Tropical diseases and LC-Plasma: Kirin and University of Malaya to expand research following dengue clinical trial
The Kirin Central Research Institute and the Tropical Infectious Diseases Research & Education Centre (TIDREC) at the University of Malaya will collaborate on a series of research studies, focused on Kirin’s proprietary lactic acid bacteria Lactococcus lactis strain Plasma (LC-Plasma).
A laboratory for immuno-regulation studies will be opened in TIDREC to facilitate research.
Expected to kickstart in October 2021, it will start with non-clinical studies to assess the efficacy of LC-Plasma against other tropical disease viruses. If the findings are promising, the team will begin clinical trials.
LC-Plasma has been shown to activate the command centre of antiviral immunity and found to reduce the incidence of influenza in clinical trials.
In Japan, LC-Plasma is the first and only ingredient to be registered as a “food with function claims” for immunity. LC-Plasma is also the functional ingredient in Kirin Holdings’ range of iMUSE products.
At a press conference, Professor Sazaly Abu Bakar, director of TIDREC presented some findings showing how LC-Plasma was found to significantly reduce the incidence of dengue fever-like symptoms in healthy people in a recent clinical trial conducted in Malaysia.
Dengue is an illness caused by the dengue virus which is transmitted to humans through the bites of infected female Aedes sp. mosquitoes.
The common symptoms of dengue are fever, muscle pain, joint pain, and pain behind the eyes.
Most infected people are asymptomatic or will develop mild fever. Less than 1% will develop severe dengue which can lead to death.
Around the world, 400 million people are infected with dengue virus annually, and South East Asia accounts for 75% of the global dengue burden.
Previously, in-vitro studies showed LC-Plasma had potent antiviral immune stimulator effects, including against the dengue virus.
So, researchers from the Kirin Central Research Institute in collaboration with TIDREC conducted a randomised, double-blind, placebo-controlled study from December 2019 to February 2020.
Approximately 100 healthy adults living in Kuala Lumpur, identified as dengue hotspots by the Ministry of Health Malaysia, were recruited.
Dr Daisuke Fujiwara, general manager of the Kirin Central Research Institute, said a specially made tablet was created by Kirin for this study, containing 100 billion CFU of LC-Plasma. Kirin’s iMUSE products were not used in this study.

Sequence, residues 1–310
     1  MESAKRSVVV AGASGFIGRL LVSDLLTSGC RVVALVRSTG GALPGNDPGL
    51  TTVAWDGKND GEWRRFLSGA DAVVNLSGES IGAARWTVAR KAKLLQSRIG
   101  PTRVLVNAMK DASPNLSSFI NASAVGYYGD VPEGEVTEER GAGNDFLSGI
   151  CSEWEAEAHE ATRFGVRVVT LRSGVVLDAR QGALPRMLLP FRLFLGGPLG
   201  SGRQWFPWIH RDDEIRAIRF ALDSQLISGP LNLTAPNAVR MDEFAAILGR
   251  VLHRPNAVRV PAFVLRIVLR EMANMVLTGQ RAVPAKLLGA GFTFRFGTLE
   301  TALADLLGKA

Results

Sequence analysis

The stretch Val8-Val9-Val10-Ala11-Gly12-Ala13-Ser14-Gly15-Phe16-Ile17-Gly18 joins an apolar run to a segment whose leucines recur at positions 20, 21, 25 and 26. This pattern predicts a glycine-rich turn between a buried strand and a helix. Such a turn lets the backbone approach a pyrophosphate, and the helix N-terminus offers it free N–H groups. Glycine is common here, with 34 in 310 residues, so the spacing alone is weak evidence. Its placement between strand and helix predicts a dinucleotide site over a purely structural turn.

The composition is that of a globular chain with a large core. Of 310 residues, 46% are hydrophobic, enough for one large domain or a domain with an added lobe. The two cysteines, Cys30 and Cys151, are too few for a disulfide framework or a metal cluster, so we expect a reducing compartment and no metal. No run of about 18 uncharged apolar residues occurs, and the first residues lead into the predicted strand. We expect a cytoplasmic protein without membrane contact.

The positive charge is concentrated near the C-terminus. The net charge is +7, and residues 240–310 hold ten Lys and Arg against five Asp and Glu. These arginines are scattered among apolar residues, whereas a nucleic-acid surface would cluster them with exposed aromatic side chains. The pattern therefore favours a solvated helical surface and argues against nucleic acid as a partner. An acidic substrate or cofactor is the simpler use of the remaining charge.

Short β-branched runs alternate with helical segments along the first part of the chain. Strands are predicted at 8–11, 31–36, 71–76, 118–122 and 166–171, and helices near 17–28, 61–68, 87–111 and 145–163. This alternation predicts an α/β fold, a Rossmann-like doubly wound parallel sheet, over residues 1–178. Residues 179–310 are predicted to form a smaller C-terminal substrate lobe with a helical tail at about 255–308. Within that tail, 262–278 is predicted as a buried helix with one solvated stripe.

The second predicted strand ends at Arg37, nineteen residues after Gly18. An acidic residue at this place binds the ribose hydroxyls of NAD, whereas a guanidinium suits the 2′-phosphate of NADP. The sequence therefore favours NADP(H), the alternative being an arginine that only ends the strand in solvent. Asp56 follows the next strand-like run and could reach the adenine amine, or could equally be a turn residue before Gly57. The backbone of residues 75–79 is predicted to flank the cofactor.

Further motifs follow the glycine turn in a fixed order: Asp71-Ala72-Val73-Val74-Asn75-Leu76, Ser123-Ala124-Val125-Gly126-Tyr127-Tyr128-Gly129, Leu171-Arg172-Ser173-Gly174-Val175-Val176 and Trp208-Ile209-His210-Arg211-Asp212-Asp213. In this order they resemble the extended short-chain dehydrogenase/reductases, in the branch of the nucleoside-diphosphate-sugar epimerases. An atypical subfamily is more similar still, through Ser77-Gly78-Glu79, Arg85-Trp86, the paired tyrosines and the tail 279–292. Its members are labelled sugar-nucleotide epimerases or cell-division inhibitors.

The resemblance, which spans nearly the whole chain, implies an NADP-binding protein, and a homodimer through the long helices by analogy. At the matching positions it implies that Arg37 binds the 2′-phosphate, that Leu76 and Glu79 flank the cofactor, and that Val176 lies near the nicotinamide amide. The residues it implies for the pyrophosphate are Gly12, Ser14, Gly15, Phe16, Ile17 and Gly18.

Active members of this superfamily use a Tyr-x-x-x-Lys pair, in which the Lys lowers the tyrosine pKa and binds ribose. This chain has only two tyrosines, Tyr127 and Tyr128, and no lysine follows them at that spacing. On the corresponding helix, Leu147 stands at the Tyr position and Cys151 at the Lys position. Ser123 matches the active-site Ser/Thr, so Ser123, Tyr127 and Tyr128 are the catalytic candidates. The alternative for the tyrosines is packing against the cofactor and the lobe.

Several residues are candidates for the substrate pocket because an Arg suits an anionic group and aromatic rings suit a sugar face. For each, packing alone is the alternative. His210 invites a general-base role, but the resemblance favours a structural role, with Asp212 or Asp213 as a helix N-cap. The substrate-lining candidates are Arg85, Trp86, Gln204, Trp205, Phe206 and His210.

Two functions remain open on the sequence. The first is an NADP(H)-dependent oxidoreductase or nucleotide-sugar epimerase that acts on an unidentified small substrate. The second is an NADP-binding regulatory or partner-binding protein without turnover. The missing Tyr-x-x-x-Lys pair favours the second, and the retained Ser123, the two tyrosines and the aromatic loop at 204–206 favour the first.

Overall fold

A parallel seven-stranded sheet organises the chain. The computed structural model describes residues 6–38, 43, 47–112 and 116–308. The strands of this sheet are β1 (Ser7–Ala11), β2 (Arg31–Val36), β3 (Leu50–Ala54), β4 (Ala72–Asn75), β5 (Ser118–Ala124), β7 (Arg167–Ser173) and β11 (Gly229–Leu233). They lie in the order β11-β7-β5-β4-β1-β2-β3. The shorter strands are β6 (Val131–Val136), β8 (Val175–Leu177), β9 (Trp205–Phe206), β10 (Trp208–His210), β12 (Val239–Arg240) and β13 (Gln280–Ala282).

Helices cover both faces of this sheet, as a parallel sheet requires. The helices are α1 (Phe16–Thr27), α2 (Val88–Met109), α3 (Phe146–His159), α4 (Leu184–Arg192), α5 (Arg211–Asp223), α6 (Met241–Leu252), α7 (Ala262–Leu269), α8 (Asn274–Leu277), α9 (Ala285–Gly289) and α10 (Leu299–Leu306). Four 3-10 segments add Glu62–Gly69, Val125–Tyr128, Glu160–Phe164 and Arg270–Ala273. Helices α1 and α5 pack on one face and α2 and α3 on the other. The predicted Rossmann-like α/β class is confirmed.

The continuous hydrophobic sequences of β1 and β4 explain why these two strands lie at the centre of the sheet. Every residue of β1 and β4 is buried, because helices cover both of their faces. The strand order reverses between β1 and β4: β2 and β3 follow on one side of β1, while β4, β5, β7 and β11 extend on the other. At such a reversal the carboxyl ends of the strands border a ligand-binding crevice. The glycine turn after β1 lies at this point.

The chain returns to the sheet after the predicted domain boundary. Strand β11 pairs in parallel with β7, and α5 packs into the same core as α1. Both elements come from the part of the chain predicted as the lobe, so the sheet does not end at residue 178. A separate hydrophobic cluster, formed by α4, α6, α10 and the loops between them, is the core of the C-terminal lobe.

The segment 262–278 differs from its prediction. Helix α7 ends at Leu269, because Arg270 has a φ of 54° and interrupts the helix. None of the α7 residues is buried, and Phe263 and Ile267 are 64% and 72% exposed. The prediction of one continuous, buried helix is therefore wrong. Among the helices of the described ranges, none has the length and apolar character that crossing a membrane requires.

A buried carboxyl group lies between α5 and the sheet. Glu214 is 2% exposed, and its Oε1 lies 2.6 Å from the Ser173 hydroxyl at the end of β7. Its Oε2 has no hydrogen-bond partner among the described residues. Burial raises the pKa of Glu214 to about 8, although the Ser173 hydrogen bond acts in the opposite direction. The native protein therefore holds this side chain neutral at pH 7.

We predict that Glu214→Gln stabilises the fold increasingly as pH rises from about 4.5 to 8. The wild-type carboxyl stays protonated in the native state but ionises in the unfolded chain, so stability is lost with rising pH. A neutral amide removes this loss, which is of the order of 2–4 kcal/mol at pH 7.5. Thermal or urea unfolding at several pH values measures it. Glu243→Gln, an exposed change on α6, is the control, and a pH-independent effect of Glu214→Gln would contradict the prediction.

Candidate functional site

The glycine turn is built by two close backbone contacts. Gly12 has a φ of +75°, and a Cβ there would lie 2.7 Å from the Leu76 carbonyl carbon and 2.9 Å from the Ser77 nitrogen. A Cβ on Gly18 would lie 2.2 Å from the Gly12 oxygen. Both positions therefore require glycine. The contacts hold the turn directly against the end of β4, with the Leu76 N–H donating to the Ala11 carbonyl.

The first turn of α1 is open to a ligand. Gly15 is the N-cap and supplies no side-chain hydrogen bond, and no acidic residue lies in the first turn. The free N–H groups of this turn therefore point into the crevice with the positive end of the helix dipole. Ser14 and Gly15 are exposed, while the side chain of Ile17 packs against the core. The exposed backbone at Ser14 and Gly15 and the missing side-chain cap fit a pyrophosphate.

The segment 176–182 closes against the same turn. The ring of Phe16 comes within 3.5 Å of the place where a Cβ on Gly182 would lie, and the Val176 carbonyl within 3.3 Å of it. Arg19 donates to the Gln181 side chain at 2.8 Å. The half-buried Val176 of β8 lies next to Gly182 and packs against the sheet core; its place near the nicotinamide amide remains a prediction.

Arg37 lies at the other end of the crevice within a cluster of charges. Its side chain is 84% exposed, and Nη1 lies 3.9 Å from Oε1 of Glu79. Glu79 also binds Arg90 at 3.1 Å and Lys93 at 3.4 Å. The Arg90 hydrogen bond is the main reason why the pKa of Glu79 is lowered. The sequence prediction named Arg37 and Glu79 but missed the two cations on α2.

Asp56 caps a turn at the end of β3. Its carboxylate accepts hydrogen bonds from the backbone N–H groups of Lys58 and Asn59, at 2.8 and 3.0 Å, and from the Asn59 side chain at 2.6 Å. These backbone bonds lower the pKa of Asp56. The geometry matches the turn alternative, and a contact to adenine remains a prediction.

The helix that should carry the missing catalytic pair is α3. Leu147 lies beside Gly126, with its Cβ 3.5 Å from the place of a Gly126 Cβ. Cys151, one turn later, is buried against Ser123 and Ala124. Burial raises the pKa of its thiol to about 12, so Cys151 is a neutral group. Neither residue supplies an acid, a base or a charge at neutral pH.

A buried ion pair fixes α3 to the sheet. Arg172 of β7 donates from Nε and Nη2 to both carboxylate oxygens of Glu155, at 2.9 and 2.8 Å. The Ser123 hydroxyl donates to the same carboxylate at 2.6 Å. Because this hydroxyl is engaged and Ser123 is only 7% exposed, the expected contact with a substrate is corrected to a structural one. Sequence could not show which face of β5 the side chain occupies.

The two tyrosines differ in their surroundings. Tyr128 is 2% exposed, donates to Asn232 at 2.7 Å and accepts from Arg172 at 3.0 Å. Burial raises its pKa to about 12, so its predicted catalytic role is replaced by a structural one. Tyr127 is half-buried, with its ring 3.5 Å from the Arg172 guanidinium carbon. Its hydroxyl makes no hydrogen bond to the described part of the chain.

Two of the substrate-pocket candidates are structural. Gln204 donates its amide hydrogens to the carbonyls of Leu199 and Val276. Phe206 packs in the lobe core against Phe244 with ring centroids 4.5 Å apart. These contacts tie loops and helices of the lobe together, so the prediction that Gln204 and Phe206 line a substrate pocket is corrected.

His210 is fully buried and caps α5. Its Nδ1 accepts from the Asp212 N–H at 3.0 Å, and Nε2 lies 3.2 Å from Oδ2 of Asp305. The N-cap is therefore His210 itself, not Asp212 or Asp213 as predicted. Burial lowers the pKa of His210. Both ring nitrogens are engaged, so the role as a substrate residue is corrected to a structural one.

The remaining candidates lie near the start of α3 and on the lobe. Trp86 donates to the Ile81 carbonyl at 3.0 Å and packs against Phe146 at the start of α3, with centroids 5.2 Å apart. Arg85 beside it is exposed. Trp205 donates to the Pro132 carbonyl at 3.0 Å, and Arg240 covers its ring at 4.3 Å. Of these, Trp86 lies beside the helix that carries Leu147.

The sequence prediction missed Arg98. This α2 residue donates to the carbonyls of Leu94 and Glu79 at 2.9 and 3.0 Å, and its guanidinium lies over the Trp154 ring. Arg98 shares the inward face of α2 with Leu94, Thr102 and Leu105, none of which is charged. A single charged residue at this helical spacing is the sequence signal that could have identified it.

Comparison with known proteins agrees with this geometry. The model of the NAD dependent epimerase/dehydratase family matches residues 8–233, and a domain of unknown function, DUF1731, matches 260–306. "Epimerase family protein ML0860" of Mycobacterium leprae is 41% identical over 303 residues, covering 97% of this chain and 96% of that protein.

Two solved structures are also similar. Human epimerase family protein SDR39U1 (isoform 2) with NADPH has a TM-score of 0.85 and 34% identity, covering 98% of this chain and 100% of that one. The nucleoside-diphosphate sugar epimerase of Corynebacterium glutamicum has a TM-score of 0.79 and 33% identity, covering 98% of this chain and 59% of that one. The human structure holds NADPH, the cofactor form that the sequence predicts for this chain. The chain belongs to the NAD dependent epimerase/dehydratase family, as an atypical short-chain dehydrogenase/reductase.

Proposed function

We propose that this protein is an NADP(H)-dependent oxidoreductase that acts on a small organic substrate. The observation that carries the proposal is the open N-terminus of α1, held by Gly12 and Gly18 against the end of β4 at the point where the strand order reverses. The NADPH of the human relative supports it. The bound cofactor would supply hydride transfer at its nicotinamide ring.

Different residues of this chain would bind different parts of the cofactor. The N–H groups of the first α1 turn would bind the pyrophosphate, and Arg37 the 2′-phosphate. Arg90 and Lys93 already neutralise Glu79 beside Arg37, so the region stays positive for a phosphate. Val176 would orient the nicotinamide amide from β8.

Half the participants took the LC-Plasma tablet, the other half took a placebo.
The test products were taken daily for eight weeks, and symptoms were assessed.
The purpose of this study was to examine the possibility of preventing the transmission of dengue virus or inhibiting the onset of dengue-like symptoms, and not to examine the therapeutic effects.
Of the 103 participants enrolled in the study, only 9 later tested positive for dengue virus. Of the 9, 4 were in the LC-Plasma group, and 5 in the placebo group.
The study confirmed that the treatment significantly reduced the cumulative number of days of occurrence of the main symptoms such as headache, joint pain, and pain behind the eyes commonly associated with dengue fever when examined in all subjects.
No adverse side effects were recorded, suggesting LC-Plasma as a holistic and alternative approach to pharmaceutical treatments.
In response to queries from NutraIngredients-Asia on the study’s limitations, Professor Abu Bakar said: “The small sample size and relatively more younger people compared to older people was one of the limitations, a bigger sample size would have a higher statistical power.”
The study was also initially planned for 16 weeks, but was cut short due to the Movement Control Order implemented by the Malaysian Government to contain the COVID-19 pandemic.
Despite the shorter intervention period, the results were “sufficient to see a significant impact on the symptoms,” added Prof Abu Bakar.
In addition, the dengue epidemic situation in 2020 was not as severe compared to previous years.
The results of this research were first presented at the 25th Annual Meeting of the Japanese Society of Travel and Health in August 2021. The manuscript has been submitted for review and expected to publish at the end of the year.
The collaboration between Kirin and TIDREC is expected to provide research support especially in the South East Asia region where tropical diseases are prevalent.
As part of its business strategy, Kirin will double production capacity of LC-Plasma by 2023 as it aims for a JPY 1 billion (US$9 million) sales target by 2027.
It is also focused on expanding the LC-Plasma business in South East Asia, where it currently only has a presence in Vietnam.